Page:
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Will Canada ban genetic discrimination in employment?

Genetic testing is becoming more common. As this scientific field develops, testing methods and options continue to advance and can provide both interesting and important information about ancestry and medical conditions that are genetically linked. Of course, this important information can also be used by some interested parties for improper reasons. Recognizing this, some countries have introduced legislation in this area to protection this genetic data, including by protecting employees from discrimination at work based on gtheir enetic information. The United States and Australia are two examples of countries which have introduced legislation in this vein. 

The most obvious scenario where genetic discrimination could come into play would be if an employer refused to hire someone, terminated someone's employment or otherwise negatively treated an employee or potential empoyee because that person's genetic profile put them at a greater risk of contracting a genetically related disease. 

Jeffrey Graham, one of the authors of a new law firm study of science and the law that includes a look at genetic discrimination, believes it is likely that Canada will also pass federal human rights legislation that will protect workers from discrimination based on the results of genetic testing. 

One proposed bill was not passed before the House of Commons was dissolved last year and another is currently under consideration there again, having already passed the Senate.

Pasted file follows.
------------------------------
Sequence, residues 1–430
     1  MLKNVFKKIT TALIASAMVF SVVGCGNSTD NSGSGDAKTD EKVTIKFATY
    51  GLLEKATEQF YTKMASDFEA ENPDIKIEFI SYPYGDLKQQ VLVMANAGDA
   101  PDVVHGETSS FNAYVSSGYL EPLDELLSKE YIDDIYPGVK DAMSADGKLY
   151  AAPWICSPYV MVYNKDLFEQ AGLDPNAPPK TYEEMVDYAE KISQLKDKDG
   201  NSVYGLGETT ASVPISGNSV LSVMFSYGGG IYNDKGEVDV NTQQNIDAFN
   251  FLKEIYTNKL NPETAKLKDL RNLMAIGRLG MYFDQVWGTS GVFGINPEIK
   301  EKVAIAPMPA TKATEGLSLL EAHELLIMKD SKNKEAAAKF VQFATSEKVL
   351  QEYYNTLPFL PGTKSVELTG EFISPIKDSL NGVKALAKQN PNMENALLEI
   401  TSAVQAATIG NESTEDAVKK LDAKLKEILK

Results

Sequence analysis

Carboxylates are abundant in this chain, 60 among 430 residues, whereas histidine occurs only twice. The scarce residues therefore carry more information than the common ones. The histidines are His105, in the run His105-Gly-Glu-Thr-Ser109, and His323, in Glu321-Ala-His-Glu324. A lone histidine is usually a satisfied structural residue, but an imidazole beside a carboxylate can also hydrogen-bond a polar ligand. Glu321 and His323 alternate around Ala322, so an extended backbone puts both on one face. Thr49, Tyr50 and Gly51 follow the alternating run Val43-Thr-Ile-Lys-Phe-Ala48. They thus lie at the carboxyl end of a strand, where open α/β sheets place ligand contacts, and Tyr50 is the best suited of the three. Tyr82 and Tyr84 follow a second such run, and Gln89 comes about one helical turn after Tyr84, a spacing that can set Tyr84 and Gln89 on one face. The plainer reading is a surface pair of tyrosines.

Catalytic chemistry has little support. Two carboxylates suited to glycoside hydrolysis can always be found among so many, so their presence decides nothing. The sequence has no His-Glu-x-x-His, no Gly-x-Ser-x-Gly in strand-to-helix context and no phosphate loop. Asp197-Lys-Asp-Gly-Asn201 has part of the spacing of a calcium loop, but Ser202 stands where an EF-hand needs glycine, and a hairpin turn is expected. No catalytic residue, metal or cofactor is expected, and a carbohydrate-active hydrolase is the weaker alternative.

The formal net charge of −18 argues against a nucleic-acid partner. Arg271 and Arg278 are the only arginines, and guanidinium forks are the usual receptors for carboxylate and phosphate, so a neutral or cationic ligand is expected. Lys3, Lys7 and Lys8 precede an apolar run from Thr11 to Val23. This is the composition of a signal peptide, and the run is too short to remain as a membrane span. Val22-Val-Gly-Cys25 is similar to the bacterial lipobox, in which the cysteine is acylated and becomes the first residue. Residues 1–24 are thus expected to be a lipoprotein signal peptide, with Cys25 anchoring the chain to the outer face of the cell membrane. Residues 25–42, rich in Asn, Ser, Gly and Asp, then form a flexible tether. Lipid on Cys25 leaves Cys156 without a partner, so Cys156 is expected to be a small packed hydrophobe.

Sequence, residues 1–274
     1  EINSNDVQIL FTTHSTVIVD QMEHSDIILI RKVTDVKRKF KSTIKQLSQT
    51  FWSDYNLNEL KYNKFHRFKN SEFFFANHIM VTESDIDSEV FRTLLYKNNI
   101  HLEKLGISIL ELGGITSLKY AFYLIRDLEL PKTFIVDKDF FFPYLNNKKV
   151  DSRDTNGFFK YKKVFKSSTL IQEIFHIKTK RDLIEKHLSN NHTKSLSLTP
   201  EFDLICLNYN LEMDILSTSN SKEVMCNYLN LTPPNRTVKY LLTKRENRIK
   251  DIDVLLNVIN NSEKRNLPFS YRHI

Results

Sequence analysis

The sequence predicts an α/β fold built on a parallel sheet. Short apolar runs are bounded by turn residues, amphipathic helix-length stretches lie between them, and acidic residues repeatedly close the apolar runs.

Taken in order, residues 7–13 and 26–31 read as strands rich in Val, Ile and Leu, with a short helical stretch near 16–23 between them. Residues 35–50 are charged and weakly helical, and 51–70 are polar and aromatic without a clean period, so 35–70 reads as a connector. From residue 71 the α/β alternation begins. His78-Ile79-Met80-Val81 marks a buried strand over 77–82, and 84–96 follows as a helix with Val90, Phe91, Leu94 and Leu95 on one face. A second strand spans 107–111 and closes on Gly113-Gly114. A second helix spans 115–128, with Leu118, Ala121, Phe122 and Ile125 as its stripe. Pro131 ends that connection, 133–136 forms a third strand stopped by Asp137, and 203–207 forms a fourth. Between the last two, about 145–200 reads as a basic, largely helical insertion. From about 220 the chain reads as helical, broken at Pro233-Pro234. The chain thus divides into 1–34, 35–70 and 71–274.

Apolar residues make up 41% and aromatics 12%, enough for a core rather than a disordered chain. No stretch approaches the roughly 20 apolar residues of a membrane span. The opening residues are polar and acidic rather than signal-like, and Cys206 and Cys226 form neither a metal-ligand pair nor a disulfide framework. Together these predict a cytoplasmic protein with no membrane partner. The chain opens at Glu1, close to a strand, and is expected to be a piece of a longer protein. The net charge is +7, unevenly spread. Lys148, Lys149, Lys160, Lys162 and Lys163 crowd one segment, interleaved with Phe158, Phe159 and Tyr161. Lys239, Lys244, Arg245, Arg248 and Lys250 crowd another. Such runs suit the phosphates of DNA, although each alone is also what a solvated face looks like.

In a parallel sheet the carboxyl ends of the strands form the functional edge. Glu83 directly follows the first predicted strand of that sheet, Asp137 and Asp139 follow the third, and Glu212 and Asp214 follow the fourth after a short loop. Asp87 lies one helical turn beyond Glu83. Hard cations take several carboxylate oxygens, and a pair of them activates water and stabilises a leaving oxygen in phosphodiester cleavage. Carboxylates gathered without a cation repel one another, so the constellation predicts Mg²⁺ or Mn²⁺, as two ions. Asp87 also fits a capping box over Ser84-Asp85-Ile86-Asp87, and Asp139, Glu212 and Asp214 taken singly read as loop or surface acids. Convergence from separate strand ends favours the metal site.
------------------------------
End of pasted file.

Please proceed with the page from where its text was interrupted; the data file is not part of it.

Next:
Currently, neither the Canadian Human Rights Act nor the British Columbia Human Rights Code, both of which provide explicit protection against employment discrimination based on several characteristics such as race, religion, age, sex, disability and more, include the category of genetic information as a protected class. It may be possible to make the legal argument that genetic information is a type of disability under current law in some circumstances, but there is no guaranty that an involved government agency or court will agree with that assertion. 

The federal bill currently under consideration would include genetic discrimination within disability discrimination in federally regulated workplaces.

Another employment issue related to genetic information is the extent of the right to privacy surrounding an employee's genetic information in the hands of an employer. The federal bill currently under consideration would also add genetic information to the kinds of information that receives federal privacy protections in employment. 

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